'Suisse Secrets' probe targets Switzerland's Credit Suisse bank

'Suisse Secrets' probe targets Switzerland's Credit Suisse bank
A media investigation - dubbed 'Suisse Secrets' - claims the Credit Suisse bank has held billions of dollars in ill-gotten funds after a leak arose including information on over 18,000 bank accounts.
3 min read
21 February, 2022
Credit Suisse rejected the "allegations and insinuations" against them in a statement [Getty]

Credit Suisse bank, still reeling from losing billions of dollars last year, faced a fresh challenge Sunday: allegations from an international investigation that it had handled dirty money for decades.

A cross-border media investigation broke Sunday claiming that Switzerland's second-largest bank had held billions of dollars of ill-gotten funds, claims based on a massive data leak.

Credit Suisse rejected the "allegations and insinuations" in a statement Sunday, saying that many of the issues raised were historical, some dating back as far as the 1940s.

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The investigation, coordinated by the Organized Crime and Corruption Reporting Project (OCCRP), unites 48 different media outlets worldwide, including France's Le Monde and the Guardian in Britain.

This latest project, dubbed "Suisse Secrets" by the OCCRP, arose out of a leak of data to Germany's Suddeutsche Zeitung newspapers a little over a year ago.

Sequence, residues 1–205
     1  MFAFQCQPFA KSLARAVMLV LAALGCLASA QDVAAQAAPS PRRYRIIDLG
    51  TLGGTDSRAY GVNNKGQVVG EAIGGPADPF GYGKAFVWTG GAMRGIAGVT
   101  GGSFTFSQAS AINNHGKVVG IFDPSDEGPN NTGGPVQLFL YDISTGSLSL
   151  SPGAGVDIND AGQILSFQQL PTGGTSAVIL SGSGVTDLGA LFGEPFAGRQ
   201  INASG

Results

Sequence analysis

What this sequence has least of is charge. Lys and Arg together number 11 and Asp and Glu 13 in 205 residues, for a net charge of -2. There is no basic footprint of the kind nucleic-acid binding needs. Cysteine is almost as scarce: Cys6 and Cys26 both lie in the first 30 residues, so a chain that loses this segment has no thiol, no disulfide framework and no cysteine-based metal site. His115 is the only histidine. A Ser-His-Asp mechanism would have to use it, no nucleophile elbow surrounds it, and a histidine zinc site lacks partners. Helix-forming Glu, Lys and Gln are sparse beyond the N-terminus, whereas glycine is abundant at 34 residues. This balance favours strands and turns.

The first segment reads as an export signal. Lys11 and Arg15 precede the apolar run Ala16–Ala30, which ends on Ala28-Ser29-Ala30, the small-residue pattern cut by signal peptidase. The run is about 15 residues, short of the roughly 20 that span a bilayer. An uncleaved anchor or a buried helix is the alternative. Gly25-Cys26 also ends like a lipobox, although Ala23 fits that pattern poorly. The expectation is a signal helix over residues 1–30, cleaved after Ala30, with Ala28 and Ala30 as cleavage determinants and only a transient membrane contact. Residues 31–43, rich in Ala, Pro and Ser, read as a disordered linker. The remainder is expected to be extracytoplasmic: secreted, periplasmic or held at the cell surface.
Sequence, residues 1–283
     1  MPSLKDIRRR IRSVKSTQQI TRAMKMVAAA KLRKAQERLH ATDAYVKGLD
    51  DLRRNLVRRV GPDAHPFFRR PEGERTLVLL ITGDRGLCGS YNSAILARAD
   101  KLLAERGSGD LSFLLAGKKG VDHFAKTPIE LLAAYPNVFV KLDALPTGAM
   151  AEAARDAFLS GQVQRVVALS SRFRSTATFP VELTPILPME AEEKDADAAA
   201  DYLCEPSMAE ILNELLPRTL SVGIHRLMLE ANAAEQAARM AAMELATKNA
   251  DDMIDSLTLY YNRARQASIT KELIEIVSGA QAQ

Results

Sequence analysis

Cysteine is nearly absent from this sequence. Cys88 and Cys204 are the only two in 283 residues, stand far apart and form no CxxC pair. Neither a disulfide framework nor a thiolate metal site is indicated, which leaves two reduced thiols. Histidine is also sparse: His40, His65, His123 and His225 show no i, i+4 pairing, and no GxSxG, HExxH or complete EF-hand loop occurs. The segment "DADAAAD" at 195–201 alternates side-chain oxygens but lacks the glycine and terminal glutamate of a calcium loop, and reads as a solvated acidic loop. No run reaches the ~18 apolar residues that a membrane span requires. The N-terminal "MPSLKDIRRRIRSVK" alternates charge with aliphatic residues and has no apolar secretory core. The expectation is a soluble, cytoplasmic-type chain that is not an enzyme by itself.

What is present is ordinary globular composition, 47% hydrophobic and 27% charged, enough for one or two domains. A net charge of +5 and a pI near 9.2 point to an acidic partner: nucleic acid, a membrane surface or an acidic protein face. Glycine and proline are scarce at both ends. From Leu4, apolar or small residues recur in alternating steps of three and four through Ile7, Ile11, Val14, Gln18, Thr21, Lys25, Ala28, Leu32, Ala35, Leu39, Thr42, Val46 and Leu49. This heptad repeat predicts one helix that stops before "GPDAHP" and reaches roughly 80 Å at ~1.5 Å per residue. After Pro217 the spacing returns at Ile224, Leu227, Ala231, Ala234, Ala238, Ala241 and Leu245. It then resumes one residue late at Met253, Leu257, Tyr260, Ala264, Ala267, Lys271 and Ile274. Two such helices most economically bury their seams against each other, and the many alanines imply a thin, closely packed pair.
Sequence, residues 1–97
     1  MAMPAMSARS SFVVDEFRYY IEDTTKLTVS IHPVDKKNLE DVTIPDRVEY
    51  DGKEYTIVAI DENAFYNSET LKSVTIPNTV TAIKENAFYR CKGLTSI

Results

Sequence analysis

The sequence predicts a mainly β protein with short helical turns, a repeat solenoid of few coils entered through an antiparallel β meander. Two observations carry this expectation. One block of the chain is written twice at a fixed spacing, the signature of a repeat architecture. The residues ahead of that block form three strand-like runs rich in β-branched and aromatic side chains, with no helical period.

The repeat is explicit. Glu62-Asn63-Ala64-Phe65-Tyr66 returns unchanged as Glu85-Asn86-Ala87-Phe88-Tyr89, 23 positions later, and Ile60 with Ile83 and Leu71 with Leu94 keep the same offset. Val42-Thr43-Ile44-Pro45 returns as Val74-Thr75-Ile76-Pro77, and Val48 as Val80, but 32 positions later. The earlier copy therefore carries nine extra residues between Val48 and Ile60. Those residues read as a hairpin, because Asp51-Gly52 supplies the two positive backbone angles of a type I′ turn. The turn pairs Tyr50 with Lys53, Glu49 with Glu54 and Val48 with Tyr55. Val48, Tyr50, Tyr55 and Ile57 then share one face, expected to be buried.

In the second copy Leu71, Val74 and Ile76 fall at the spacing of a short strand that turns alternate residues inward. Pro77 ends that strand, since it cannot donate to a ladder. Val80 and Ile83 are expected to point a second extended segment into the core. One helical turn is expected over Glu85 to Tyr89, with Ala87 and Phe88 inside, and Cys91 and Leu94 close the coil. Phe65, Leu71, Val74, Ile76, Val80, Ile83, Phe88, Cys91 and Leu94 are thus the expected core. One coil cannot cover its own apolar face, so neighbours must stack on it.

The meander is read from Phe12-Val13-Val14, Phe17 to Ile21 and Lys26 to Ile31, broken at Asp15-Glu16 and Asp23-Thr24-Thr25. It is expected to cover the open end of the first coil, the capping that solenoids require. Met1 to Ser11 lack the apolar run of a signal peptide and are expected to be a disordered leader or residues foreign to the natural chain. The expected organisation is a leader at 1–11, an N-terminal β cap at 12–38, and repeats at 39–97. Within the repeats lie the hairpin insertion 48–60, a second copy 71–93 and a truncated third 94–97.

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The leak included information on more than 18,000 bank accounts dating back to the 1940s and up to the 2010s, said the OCCRP.

It was the largest leak ever from a major Swiss bank, it added.

- 'Tendentious interpretations' -

The bank, in its statement Sunday, said: "Credit Suisse strongly rejects the allegations and insinuations about the bank's purported business practices.

"The matters presented are predominantly historical, in some cases dating back as far as the 1940s, and the accounts of these matters are based on partial, inaccurate, or selective information taken out of context, resulting in tendentious interpretations of the bank's business conduct."

About 90 percent of the accounts reviewed were closed -- or were in the process of being closed -- before the press approached bank, it added. And more than 60 percent of them had been closed before 2015.

The OCCRP, in a statement on its website, said: "We believe the dozens of examples we have cited raise serious questions about Credit Suisse's effectiveness and commitment to meeting its responsibilities."

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It said the investigation had found dozens of "dubious characters" in the data.

They included a Yemeni spy chief implicated in torture, the sons of an Azerbaijani strongman, a Serbian drug lord and bureaucrats accused of looting Venezuela's oil wealth.

The sums in accounts identified as problematic amount to more than $8 billion (seven billion euros), the OCCRP said.

- A series of setbacks -

The international investigation is the latest in a series of setbacks that Credit Suisse has suffered recently.

In March 2021, the bank was hit by the collapse of Greensill Capital in which it had committed some $10 billion through four funds. The implosion of the US fund Archegos cost it more than $5 billion.

And in Switzerland, a former Credit Suisse employee is among the defendants in a major corruption trial that has just started involving alleged money laundering and organised crime in Bulgaria. The bank has said it will "defend itself vigorously in court".

News media involved in the investigation include The New York Times, Italy's La Stampa, Africa Uncensored in Kenya and Argentina's La Nacion.